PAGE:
Everything We Know About Aging and Response Times: A Meta-Analytic Integration

Jun 21st, 2015
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A first school of thought tends towards strong reductionism. A monograph that best exemplifies this tendency is Salthouse’s 1991 Theoretical perspectives on cognitive aging.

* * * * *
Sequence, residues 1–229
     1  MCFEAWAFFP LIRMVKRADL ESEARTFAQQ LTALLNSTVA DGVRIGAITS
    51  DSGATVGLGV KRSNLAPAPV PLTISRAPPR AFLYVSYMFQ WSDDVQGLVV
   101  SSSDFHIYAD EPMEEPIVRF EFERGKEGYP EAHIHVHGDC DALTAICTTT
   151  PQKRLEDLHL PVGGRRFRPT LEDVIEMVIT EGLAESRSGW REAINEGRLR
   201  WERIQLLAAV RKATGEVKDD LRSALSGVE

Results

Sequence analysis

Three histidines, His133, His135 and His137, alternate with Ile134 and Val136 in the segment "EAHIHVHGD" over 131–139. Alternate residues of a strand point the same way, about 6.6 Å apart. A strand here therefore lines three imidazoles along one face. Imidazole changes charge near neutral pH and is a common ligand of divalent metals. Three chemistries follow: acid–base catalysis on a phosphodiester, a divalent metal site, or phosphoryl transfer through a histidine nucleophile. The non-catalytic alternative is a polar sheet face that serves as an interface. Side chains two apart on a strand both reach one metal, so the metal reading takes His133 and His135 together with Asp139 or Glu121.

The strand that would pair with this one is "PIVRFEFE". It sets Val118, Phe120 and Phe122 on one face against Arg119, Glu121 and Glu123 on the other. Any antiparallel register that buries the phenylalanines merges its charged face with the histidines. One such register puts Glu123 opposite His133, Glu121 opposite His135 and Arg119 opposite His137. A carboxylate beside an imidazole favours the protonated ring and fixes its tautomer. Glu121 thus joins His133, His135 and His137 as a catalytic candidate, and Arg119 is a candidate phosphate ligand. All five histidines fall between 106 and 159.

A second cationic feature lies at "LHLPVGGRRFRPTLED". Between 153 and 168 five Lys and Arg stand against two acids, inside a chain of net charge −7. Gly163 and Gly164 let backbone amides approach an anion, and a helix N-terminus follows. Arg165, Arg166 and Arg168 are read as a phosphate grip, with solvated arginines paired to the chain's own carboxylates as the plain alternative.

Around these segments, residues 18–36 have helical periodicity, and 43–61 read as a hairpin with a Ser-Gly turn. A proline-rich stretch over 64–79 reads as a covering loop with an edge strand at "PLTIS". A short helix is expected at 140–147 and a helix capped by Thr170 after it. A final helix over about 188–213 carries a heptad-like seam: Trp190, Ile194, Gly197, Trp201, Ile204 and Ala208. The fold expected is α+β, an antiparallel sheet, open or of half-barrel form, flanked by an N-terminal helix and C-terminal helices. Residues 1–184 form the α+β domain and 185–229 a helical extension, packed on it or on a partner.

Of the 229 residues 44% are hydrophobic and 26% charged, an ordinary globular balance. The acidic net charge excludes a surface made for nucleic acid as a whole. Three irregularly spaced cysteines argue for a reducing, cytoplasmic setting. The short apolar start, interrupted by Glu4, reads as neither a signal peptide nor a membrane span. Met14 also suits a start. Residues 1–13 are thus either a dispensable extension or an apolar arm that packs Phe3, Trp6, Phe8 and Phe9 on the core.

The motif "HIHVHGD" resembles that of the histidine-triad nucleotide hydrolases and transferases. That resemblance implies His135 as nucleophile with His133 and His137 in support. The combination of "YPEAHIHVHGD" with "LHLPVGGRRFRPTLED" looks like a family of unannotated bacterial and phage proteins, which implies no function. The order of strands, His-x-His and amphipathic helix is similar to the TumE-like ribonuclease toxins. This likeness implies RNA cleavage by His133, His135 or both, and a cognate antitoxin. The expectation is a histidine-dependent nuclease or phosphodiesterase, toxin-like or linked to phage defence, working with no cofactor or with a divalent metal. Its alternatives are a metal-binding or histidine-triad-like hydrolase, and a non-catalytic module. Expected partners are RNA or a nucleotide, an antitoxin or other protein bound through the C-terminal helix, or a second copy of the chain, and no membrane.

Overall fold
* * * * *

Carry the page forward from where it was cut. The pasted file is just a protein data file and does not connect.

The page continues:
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Everything We Know About Aging and Response Times: A Meta-Analytic IntegrationPaul Verhaeghen and John CerellaSyracuse UniversityHofer, S. M., & Alwin, D. F. (Eds.). The Handbook of Cognitive Aging: Interdisciplinary Perspectives. Thousand Oaks: Sage Publications.AcknowledgmentsThis research was supported in part by a grant from the National Institute on Aging (AG-16201). We thank Lieve De Meersman, Martin Sliwinski, David Steitz, and Christina Wasylyshyn for their contributions to the original research.Older adults take longer to process information than younger adults. It has long been known that the increase in response time (RT) is monotonic with adult age. In a large meta-analysis of studies using continuous age samples, Verhaeghen and Salthouse (1997) reported an age-speed correlation of -.52, and Welford (1977) estimated that each additional year of adult age increases choice reaction time by 1.5 ms. Cerella & Hale (1994) estimated that the average 70-year old functions at the speed of the average 8-year old a large effect.It also appears that this age-related slowing occurs in a wide variety of tasks, implicating a wide variety of cognitive systems: Memory search, visual search, lexical decision, mental rotation, speech discrimination, digit-symbol substitution, are but a few of the tasks that have consistently been found to yield age-related deficits in response times (see Kausler, 1991, and Salthouse, 1991, for excellent reviews of the def

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